Chromoanagenesis is a cellular mechanism that leads to complex chromosomal rearrangements (CCR) during a single catastrophic event. It may result in loss and/or gain of genetic material and may be responsible for various phenotypes. These rearrangements are usually sporadic. However, some familial cases have been reported. Here, we studied six families in whom an asymptomatic or paucisymptomatic parent transmitted a CCR to its offspring in an unbalanced manner. The rearrangements were characterized by karyotyping, fluorescent in situ hybridization, chromosomal microarray (CMA) and/or whole genome sequencing (WGS) in the carrier parents and offspring. We then hypothesized meiosis-pairing figures between normal and abnormal parental chromosomes that may have led to the formation of new unbalanced rearrangements through meiotic recombination. Our work indicates that chromoanagenesis might be associated with a normal phenotype and normal fertility, even in males, and that WGS may be the only way to identify these events when there is no imbalance. Subsequently, the CCR can be transmitted to the next generation in an unbalanced and unpredictable manner following meiotic recombination. Thereby, prenatal diagnosis using CMA should be proposed to these families to detect any pathogenic imbalances in the offspring.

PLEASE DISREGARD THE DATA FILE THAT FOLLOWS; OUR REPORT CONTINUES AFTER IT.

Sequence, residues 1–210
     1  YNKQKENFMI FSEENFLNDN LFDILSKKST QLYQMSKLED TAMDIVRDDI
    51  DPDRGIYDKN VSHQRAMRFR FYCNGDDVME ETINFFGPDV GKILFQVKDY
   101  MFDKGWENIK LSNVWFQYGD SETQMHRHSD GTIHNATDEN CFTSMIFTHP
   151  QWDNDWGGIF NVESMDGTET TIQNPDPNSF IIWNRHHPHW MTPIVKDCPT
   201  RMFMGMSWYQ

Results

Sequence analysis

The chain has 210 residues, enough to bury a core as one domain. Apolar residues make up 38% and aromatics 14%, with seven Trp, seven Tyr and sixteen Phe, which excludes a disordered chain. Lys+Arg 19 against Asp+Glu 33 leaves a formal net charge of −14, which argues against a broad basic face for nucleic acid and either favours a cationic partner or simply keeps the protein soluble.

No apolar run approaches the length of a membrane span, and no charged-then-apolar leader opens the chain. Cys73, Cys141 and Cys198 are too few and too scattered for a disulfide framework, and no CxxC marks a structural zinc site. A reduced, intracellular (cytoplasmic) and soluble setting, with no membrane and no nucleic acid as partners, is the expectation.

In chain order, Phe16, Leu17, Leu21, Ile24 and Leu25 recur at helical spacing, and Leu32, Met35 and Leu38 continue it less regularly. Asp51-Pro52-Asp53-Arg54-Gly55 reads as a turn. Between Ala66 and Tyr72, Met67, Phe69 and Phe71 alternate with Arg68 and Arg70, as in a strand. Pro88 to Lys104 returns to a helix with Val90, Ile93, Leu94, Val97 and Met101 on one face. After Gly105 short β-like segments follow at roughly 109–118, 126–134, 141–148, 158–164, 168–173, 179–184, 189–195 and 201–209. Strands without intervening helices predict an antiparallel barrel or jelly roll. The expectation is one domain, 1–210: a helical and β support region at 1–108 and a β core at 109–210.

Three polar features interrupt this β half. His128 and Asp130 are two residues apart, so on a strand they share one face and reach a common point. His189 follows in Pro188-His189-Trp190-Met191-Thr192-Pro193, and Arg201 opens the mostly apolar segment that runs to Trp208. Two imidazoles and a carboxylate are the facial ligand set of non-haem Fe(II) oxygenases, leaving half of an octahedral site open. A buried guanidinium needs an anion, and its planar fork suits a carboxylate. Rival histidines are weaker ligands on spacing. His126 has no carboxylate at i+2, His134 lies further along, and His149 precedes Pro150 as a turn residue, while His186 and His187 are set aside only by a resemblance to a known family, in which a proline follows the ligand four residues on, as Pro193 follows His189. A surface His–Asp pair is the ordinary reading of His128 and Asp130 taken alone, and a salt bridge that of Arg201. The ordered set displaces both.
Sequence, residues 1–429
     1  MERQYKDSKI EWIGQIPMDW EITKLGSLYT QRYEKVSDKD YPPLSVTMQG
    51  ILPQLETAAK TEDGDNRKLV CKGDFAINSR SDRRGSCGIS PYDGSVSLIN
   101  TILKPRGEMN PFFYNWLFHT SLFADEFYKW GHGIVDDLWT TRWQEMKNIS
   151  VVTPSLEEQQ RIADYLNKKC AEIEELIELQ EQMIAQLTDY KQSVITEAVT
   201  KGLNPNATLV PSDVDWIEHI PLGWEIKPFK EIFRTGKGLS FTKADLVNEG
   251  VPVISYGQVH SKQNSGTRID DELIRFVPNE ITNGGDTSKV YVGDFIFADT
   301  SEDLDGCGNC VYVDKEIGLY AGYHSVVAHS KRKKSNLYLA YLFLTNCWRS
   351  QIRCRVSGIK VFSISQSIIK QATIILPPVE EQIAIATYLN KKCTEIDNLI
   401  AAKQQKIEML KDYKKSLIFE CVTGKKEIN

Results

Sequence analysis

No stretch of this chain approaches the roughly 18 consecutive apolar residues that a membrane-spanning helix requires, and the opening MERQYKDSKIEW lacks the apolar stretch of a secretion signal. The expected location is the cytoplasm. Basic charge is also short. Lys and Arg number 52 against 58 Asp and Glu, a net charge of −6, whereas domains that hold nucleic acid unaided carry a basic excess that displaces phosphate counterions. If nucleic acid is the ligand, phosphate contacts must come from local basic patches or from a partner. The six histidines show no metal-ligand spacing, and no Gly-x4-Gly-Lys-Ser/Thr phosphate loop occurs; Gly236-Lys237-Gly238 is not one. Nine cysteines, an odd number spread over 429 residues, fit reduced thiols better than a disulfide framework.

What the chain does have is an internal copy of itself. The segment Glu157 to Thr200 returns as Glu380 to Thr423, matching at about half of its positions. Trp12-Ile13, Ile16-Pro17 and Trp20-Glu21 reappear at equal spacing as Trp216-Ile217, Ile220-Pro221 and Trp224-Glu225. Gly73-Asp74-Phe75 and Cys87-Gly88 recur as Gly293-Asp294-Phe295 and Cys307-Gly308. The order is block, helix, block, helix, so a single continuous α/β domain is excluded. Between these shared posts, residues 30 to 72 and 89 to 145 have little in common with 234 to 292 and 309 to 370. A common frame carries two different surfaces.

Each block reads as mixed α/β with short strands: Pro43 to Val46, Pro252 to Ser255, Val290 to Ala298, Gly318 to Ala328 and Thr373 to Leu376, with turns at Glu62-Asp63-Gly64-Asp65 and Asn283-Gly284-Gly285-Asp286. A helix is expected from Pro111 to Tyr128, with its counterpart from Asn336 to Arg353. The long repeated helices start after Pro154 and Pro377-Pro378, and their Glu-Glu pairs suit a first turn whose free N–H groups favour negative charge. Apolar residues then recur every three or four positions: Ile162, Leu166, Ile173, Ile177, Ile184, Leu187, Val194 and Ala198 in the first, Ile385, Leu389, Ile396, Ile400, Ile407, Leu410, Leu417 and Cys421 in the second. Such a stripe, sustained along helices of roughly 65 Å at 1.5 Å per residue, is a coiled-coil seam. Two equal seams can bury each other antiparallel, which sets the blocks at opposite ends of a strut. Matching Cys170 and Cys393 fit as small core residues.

Keywords: asynapsis; chromoanagenesis; genome sequencing; meiosis; recombination.
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